Mar. 11, 2015 | By Alec

Sometimes 3D printing projects just don’t come out as planned; occasionally the results are just too weak and brittle or the quality is just terrible, things like that. As there are so many parameters to keep track of, those results are sometimes unavoidable, but more often than not it happens when you’re just playing around and testing the effects of certain settings and unusual designs. Fortunately, thanks to a study done by 3D printing start-up 3D Matter, you won’t have to go through a whole trial-and-error process anymore. Save yourself time, money and frustration and find out what printing parameters are right for you.

If you’ve never heard of 3D Matter before, that's probably because they are only just stepping out of obscurity. As founder Arthur Sebert explains to us, they are a 3D printing startup with a specific interest in material functioning. In particular, they want to make more information about all the various filaments and possibilities available. After all, we’ve all heard of flexible or exceptionally strong filaments, but realizing those effects with your own FDM 3D printer is another matter. Over the past few months they have been focusing on the specific printing parameters and its effects on 3D printing quality, which has yielded some interesting results. Specifically, they have developed a series of charts that can be used to find out what settings yield the best results when perusing certain results in terms of strength, quality, cost or speed.

Different infills, all providing different results.

As Arthur explains, their study has been trying to answer one question: What is the influence of infill %, layer height and infill pattern on my 3D prints? "There is a double goal for this study: on the one hand, help the average user really understand the trade-offs they are facing in terms of strength, quality, cost and speed," Arthur explains. "On the other hand we provide the more technical user with an in-depth analysis of how the parameters studied influence mechanical performance."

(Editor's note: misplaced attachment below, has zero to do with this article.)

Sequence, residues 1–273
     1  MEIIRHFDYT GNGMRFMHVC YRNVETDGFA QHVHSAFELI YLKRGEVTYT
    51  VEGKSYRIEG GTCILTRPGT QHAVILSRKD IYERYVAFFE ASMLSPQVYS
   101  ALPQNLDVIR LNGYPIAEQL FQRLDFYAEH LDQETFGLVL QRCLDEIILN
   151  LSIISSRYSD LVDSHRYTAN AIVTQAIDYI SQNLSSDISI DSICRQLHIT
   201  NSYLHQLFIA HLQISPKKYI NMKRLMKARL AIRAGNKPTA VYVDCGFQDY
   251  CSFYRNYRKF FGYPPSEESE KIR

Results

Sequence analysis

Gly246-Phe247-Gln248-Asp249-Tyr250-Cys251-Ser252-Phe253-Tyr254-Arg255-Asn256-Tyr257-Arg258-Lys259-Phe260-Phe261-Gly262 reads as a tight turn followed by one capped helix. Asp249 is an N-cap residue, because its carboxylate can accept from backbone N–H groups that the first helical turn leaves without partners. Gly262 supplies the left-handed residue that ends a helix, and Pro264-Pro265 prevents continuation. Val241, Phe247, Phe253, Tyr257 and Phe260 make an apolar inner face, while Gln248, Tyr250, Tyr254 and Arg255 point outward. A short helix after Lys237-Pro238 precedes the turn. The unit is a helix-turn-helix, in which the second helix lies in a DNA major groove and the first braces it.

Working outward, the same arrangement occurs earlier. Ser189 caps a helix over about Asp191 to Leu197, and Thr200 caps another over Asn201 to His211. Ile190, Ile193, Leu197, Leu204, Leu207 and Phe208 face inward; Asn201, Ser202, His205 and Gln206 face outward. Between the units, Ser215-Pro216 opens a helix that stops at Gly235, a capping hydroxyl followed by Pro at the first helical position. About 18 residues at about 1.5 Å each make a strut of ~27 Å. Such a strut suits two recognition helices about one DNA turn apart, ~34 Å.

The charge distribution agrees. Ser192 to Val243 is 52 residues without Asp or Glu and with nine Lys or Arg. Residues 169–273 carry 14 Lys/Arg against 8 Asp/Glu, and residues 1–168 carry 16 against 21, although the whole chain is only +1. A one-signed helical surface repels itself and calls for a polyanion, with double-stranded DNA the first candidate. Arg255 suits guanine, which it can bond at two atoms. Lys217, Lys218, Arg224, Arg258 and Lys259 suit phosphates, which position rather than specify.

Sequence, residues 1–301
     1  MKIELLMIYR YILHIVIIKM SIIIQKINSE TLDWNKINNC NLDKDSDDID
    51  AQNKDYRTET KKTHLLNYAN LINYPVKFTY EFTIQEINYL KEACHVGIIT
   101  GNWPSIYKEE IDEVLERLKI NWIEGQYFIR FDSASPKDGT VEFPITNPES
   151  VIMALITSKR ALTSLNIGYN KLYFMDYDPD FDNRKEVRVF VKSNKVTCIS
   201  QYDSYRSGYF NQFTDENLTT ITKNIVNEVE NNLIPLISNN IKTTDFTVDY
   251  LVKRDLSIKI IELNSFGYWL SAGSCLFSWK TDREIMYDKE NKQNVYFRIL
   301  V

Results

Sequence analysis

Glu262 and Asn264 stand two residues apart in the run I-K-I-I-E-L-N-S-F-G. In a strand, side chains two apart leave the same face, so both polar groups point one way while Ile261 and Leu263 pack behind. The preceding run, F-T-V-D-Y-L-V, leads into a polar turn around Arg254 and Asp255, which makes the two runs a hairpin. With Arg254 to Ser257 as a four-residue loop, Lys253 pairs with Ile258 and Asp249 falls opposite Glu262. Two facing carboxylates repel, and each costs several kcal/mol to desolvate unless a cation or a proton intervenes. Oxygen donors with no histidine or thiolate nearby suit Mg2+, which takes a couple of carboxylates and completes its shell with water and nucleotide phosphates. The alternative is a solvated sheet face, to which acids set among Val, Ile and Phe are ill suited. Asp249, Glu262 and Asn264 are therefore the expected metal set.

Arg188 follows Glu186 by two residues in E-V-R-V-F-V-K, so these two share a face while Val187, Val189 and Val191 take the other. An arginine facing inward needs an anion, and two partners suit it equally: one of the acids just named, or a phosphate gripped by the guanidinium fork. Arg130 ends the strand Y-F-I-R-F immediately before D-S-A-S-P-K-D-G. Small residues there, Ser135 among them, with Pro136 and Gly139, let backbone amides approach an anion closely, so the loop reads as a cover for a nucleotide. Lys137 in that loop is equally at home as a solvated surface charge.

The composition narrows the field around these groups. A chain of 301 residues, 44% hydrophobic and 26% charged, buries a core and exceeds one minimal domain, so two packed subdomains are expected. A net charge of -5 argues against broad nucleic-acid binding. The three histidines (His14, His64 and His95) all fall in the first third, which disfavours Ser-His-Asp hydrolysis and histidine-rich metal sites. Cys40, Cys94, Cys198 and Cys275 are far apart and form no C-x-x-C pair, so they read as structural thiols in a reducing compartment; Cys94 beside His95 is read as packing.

Now the research itself was quite extensive, and its full results can be found here. But what they have essentially done is conduct a series of tests with items 3D printed in PLA at various infills, layer heights and infill patterns. These were tested for their tensile strength (or the amount of stress they can endure), for elongation at break, for rigidity and for yield stress.

While that has resulted in a lot of data of which more can be found in their article, most useful is a table of the preferred settings you should choose for certain required results. First of all, it might be best to determine what these values actually refer to. As Arthur explains in his study: "Strength corresponds to the maximum stress the specimen can take before breaking. Speed describes the printing time of a specimen. Cost is derived from the actual weight of the specimen, and assumes 30€/kg. Quality relates to the general aspect of printed parts based on their layer height. Quality is not the focus of this study but the relationship between quality and layer height is generally accepted. "

So what is it you’re after? "Does your print need strength or quality? Are you trying to minimize cost or are you trying to save time? Or is it – as is often the case – a combination of these requirements?" The table above provides some useful tips for what effects certain settings will bring about, based on extensive testing. Note that, as you might have expected, high levels of infill provide high-strength results, while combinations with certain layer heights produce some very interesting results. For optimal all-round results, an infill of 70% and a layer height of 0.2 mm might be best.

While a useful guide, they’ve also developed a table with more detailed (and color-coded) results, which you can see below. Depending on what you’re after, this easily and understandably shows exactly what settings you need for optimal results.

But while they were at it, infill pattern was also extensively studied. Of the five patterns studied in terms of strength (Linear, Diagonal, Hexagonal, Catfill and Moroccan stars), Arthur and his team discovered that Linear is the most durable pattern to use, but only just. Diagonal and Hexagonal showed results that were almost as positive, though Catfill and Moroccan starts were by far the weakest structures. "We show that generally, the best patterns to use are Linear or Diagonal (=Linear tilted 45°). Indeed, decorative patterns such as Moroccan stars and Catfill show poor performance and should only be used if they are exposed and are part of the design," they write.

These results should go a long way towards optimizing your 3D printing projects and minimizing expenses through failed products. But if you’re looking for more detailed information and results, you can find them as part of the full study on the 3D Matter website here (free of charge).


Posted in 3D Printing Technology


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DaStudent wrote at 3/19/2016 4:18:49 AM:

Brilliant study, thanks for posting

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